7 Fun Facts About St. Patrick's Day
On March 17, we're all a little Irish. Whether you're eating corned beef and cabbage, collecting shamrocks, or enjoying the perfect pour of Guinness, celebrating St. Patrick and the Republic of Ireland is a time-honored tradition each spring.
If you're a wee bit foggy on the details of what, exactly, all the green-clad revelers are commemorating, we've got you covered with seven fun facts about the holiday.
St. Patrick wasn't Irish.
Well, not technically. He was born around 390 AD in what is today known as England, Scotland, or Wales and was kidnapped into slavery at 16 and brought over to Ireland. He escaped to a monastery in Gaul—likely around present-day France—where he converted to Christianity, became a priest, and later a bishop.
He returned to Ireland around 432 as a missionary and is largely credited with introducing and converting the Irish people to Christianity. He became the patron saint of Ireland after his death in 461.
The first St. Patrick’s Day parades were held in the United States.
The first official St. Patrick's Day parade took place on March 17, 1601. Honoring the Catholic feast day of St. Patrick, Irish vicar, Ricardo Artur, directed the first parade in an early American colony, which is now St. Augustine, Florida. The second was in 1737 in Boston, Massachusetts, and the third was in New York City in 1762. Funny enough, the parade didn’t make it to Ireland until 1931. Now, many large cities host their own spectacles, drawing millions of visitors and participants worldwide.
The true origin of the shamrock is a little fuzzy.
There's quite a debate on the origin of the iconic St. Patrick’s Day symbol. The unofficial national flower of Ireland, some say that St. Patrick used the shamrock to represent the Holy Trinity when he was introducing Christianity to Ireland. Others say the number three was sacred in Irish mythology well before his time. Regardless, the festive emblem remains synonymous with the holiday and is even a registered trademark by the Irish government.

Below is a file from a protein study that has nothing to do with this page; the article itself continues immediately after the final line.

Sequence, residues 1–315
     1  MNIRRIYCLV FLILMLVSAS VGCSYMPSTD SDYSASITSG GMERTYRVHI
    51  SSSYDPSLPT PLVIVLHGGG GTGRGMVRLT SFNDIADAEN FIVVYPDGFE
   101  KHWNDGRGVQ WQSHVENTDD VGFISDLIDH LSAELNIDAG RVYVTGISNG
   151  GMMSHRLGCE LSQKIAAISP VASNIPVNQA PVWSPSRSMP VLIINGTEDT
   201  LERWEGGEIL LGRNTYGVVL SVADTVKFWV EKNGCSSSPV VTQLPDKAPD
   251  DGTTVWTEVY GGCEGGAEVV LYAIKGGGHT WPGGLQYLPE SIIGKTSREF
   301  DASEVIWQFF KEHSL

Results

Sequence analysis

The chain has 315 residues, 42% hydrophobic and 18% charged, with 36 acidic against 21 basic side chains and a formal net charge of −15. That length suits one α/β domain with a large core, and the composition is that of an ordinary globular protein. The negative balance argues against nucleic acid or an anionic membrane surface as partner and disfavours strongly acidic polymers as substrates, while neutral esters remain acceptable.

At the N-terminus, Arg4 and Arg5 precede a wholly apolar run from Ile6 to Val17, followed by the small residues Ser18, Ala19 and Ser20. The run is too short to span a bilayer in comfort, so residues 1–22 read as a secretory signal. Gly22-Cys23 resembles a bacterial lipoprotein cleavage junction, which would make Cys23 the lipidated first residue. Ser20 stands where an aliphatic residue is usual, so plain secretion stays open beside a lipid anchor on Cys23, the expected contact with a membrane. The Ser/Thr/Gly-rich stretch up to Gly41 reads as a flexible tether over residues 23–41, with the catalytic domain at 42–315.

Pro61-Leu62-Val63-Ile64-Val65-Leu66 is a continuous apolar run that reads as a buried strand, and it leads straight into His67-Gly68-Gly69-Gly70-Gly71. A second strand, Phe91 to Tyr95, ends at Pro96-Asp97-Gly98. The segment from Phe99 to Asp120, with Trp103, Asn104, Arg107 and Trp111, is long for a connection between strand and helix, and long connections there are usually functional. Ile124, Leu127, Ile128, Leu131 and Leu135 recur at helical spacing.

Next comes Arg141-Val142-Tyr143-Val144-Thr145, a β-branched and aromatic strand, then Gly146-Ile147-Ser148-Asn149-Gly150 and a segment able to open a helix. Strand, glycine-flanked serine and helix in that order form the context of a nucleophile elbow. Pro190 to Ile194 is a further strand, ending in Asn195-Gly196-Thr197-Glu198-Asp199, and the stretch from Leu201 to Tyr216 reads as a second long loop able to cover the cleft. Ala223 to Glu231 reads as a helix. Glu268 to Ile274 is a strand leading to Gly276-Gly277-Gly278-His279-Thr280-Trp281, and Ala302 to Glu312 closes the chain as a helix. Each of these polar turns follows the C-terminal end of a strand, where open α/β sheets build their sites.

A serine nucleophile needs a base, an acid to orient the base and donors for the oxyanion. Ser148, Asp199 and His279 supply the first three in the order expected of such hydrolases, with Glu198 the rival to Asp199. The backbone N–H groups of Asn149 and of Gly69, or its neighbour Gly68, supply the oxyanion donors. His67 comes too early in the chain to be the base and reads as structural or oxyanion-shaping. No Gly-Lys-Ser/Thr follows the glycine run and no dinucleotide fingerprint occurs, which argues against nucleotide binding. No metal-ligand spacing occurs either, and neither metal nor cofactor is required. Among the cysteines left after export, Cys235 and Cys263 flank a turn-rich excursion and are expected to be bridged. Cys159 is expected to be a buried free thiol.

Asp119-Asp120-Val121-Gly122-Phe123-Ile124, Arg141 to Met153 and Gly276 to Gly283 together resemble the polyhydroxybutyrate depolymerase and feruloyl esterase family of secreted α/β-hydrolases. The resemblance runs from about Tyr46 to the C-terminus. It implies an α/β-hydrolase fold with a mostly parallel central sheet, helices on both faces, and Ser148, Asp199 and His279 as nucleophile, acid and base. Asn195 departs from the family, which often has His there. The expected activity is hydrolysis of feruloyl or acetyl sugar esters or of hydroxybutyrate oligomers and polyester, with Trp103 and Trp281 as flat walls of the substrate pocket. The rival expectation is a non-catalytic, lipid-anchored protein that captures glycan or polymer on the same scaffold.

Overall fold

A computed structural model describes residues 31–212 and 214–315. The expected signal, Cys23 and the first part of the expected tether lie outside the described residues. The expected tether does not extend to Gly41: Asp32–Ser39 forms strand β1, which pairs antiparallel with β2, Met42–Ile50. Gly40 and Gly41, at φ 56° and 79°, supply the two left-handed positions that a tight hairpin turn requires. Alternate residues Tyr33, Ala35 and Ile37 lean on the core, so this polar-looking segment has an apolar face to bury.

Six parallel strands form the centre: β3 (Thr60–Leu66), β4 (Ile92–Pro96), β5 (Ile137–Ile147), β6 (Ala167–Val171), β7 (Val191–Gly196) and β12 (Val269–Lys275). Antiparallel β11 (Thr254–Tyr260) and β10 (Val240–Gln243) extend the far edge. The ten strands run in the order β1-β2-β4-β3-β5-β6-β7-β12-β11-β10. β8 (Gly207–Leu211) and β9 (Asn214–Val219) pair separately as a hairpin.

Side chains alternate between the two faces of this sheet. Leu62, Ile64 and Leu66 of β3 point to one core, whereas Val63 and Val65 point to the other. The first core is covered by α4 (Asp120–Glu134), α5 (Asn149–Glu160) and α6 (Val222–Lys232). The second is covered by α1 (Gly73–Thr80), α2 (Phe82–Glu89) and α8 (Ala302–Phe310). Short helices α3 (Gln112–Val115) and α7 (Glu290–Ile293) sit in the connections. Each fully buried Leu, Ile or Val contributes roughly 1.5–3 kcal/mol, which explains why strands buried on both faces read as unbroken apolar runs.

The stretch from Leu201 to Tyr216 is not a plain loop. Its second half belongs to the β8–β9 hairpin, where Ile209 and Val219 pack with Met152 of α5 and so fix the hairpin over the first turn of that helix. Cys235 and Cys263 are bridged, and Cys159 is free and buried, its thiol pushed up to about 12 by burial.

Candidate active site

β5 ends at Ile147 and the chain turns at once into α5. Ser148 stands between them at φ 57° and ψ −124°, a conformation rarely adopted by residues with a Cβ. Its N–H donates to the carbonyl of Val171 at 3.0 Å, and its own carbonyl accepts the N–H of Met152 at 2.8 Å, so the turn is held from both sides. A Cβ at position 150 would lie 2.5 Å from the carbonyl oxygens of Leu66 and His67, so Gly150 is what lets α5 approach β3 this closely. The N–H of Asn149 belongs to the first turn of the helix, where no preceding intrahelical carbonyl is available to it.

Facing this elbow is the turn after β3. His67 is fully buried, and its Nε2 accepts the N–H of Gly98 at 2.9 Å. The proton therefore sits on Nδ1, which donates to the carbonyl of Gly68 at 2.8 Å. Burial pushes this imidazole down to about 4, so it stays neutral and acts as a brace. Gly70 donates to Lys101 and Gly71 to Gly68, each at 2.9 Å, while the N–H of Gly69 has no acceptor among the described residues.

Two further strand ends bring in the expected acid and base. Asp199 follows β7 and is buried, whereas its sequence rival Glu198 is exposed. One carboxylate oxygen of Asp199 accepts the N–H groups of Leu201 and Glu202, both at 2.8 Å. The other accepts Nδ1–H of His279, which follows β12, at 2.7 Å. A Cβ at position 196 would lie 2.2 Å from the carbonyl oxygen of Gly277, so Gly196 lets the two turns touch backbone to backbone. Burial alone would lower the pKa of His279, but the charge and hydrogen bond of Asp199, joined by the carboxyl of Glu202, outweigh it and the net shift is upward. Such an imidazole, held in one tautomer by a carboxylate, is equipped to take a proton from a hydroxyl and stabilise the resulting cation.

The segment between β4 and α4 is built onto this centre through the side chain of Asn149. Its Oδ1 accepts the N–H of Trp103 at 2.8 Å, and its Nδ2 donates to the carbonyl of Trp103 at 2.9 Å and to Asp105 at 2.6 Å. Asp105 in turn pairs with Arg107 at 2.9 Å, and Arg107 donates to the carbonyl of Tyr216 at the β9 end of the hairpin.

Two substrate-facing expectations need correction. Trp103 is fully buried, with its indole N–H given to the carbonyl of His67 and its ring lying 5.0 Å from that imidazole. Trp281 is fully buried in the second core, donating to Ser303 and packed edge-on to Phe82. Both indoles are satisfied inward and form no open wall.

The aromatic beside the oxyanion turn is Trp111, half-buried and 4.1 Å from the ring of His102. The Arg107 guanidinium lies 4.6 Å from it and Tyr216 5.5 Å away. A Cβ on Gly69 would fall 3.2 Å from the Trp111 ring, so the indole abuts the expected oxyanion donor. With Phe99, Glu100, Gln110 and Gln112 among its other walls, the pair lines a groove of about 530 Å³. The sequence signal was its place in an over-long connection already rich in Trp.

Leprechauns don’t really have anything to do with the holiday.
The infamous mascot of St. Patrick’s Day, leprechauns have been part of Irish culture and folklore for centuries. Originating before St. Patrick’s Day was recognized, these mischievous men are part of the fairy family of mythical creatures. Legend says these little guys were shoemakers who hid gold coins in pots at the end of rainbows. Because leprechauns were so small, they were hard to catch, but if you caught one, you’d be granted three wishes in exchange for setting him free. Overall, leprechauns and St. Patrick’s Day aren’t directly linked—they’re just both Irish symbols!
- You should be pinched for not wearing blue.
From the decorations to the color of the dyed Chicago River and beer, you probably associate St. Patrick's Day with a vivid shade of Kelly green. However, Ireland and St. Patrick were actually associated with a shade of sky blue called "St. Patrick's blue.” Green was considered unlucky until after the Irish independence movement in the 18th century. As the divide between the Irish population and the British crown strengthened, the color green became a symbol of rebellion for the Irish. It has been linked to the holiday and country ever since.
- It was almost called "St. Maewyn's Day."
St. Patrick’s real name was likely "Maewyn Succat" (pronounced "may-win"). According to legend, he changed his name to Patricius, which comes from the Latin term for “father figure,” once he became a priest in the 5th century. St. Maewyn’s Day certainly doesn't have the same ring as "St. Patrick's Day," that's for sure!
- It used to be a dry holiday.
St. Patrick's Day was once classified as a religious holiday in Ireland, so all bars were instructed to close for the day. When it switched to a national holiday in 1970, everything changed. Now pubs are a top spot for many to celebrate, and over 13 million pints of Guinness are consumed around the world every March 17.
Beer Decoded: Understanding the Basics
Taking part in St. Patrick’s Day festivities? To keep pace with your beer-drinking counterparts and hold your own in the wide world of beer—green or not—check out our beer article, where we break down some basic facts and decode the most popular types of beer on the market today.